So many people suffer silently from mental illnesses, but they shouldn’t have to. Recent reports have shown that one in five people have a mental illness diagnosis. People don’t hesitate to tell others if they need treatment or medication for cancer or diabetes. But when it comes to mental illness, many still keep their struggles hidden. Too many people commit suicide because they feel they can’t deal with life anymore and that no one cares about them. However, if we all showed more compassion and understanding to one another, maybe those people would want to stay in this world. Maybe they would regain a sense of hope in humanity.
1 in 5 Adults has been diagnosed with a varying degree of mental illness. That’s over forty million Americans, more than the populations of New York and Florida combined.
You never know what people struggle with in their own heads. So it only makes sense to show kindness to everyone. Think of how different the world would look if we filled it with love, peace, and understanding instead of hate, violence, and disregard. It’s no wonder that mental illnesses have been on the rise worldwide; our external world is full of chaos, stress, disconnection, and increasing responsibility, so how can one’s internal world remain calm?
If you know someone with a mental illness, try to keep the following things in mind because each day is a new battle for them.
Here are 5 ways to show compassion to someone with a mental illness:
1. Be there for them.
There’s no denying that supporting someone with a mental illness can be tough. Their symptoms might frustrate or tire you. But remember that they are the ones that have to live with the illness. They have to live with their minds every day, which is beyond frustrating for them. Allow them space and comfort to open up about their struggles whenever possible. Maybe refer them to a therapist who could help, or look up some free online resources for them to look at.
People with mental illnesses should not be shunned and made to feel weaker or inferior; they need love and support just like everyone else, and sometimes, just listening and showing kindness could save their life.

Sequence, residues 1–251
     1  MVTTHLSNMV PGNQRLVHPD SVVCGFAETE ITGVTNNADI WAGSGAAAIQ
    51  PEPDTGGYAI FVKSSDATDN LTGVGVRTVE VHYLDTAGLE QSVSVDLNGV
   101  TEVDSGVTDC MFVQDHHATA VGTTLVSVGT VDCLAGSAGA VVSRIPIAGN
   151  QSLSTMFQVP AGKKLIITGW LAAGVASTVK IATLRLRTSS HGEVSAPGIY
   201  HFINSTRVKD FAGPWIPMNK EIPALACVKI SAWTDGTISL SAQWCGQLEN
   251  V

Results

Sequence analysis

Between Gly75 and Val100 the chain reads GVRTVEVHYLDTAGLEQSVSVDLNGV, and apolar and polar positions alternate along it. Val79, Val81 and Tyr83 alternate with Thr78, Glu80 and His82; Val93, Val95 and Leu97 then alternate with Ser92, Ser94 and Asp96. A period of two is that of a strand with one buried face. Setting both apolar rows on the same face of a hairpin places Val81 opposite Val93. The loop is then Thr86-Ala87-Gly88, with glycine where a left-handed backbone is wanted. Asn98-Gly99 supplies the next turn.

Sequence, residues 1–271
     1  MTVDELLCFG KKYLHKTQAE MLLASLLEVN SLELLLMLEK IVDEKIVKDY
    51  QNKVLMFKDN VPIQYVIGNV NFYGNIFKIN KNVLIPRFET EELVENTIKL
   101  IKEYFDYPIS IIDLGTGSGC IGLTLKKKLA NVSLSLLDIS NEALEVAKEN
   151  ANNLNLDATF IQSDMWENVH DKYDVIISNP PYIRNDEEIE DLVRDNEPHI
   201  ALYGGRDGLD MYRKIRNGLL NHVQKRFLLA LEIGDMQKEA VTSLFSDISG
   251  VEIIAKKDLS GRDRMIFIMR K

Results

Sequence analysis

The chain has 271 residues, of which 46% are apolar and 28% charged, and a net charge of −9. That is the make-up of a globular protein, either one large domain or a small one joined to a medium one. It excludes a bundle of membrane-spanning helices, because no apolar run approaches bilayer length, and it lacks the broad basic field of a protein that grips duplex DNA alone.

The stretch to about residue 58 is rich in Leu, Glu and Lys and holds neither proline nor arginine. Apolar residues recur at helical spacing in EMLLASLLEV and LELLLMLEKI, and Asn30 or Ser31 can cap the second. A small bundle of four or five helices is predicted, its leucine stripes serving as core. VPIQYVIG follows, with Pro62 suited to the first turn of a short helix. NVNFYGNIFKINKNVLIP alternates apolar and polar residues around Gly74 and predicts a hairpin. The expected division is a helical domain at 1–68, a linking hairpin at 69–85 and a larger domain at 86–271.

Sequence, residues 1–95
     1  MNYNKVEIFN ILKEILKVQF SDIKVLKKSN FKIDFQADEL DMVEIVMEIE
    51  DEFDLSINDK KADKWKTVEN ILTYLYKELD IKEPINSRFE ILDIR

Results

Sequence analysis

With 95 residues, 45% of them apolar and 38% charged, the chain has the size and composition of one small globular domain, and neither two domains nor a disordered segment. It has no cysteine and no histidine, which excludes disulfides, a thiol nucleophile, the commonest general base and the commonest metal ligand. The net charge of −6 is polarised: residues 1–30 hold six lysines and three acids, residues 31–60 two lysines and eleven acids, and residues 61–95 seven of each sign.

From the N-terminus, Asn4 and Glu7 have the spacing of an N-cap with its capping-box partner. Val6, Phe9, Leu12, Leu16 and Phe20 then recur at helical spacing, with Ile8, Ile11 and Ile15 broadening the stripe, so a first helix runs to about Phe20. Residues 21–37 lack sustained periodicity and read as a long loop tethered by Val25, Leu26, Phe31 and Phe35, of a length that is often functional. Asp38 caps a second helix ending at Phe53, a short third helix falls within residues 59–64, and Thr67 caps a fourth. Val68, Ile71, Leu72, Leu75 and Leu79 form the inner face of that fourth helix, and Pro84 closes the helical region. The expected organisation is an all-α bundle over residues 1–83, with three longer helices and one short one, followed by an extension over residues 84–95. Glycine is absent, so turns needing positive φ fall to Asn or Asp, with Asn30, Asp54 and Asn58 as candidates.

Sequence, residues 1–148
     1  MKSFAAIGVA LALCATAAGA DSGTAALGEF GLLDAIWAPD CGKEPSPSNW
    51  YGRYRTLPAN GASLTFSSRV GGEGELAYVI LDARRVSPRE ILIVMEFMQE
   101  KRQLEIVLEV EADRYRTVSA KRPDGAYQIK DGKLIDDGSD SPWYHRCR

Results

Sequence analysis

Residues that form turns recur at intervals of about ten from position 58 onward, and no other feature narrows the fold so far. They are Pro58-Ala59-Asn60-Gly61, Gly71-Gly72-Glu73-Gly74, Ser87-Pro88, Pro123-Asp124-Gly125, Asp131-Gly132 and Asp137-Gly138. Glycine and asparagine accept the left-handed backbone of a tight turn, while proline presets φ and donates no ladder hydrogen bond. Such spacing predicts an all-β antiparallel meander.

2. Take their mind off the illness.
People are more than just their illness; sometimes, they have difficulty seeing that. Depending on the illness, they might withdraw from social activities and not have much energy to go places. If you know they don’t get out much and don’t have many friends, maybe take them on a fun outing. They might find a temporary distraction from their pain.
According to a blog (now deleted) on PsychCentral by Támara Hill, MS, LPC, “This is called reframing. Reframing is a great psychological tool because it takes a negative statement and puts a positive or more accurate spin on things. For example, instead of saying “you need to get out more, all you do is isolate” you can say “I read in an article that the best way to treat depression is by getting out sometimes and doing something you enjoy. Why not join me for dinner tonight?”
3. Learn about their illness.
Without knowing the ins and outs of what someone goes through, you can’t really “take a walk in their shoes.” However, educating yourself about the illness will show them that you sincerely care about them and will give you a greater understanding of their mental disorder. Once you know why they act or think the way they do, showing compassion will seem easier because you’re armed with knowledge about the illness.
For example, if you once got angry at your friend with social anxiety for canceling plans on you last minute, you might have greater compassion the next time they do that because you’ll know that social outings and situations are very difficult for them.
4. Check up on them.
Everyone wants to feel cared about, but people with mental illnesses just need a little extra love and attention. Maybe they didn’t get the support they deserved as a child, which makes it difficult for them to lead a “normal” adult life. You don’t know their past, but you can treat them like they deserve in the present. Call a couple of times a week. A check-in can greatly impact their self-worth and well-being, especially if they live alone and don’t get out much. Knowing that someone out their cares about them can make it a bit easier to live with their condition.
5. Let them know they aren’t alone.
From the same article referenced above, Mrs. Hill said, “It’s wonderful when we can join with someone and make them feel supported and loved. The healing process or recovery process is always more successful when the person feels loved, supported, and understood. When you make someone feel like you are on their team, they are more likely to be motivated to succeed.”
No one should have to suffer alone, but sadly, many people with mental illnesses do. Restore a person’s faith in humanity; instead of telling them “You’ll get through this,” help them get through it. If we all simply cared about bringing others up instead of primarily looking after ourselves, the world would look a lot different. People need to feel like they belong somewhere. So if you can make someone suffering feel even a little more included, you might just change their whole outlook on life.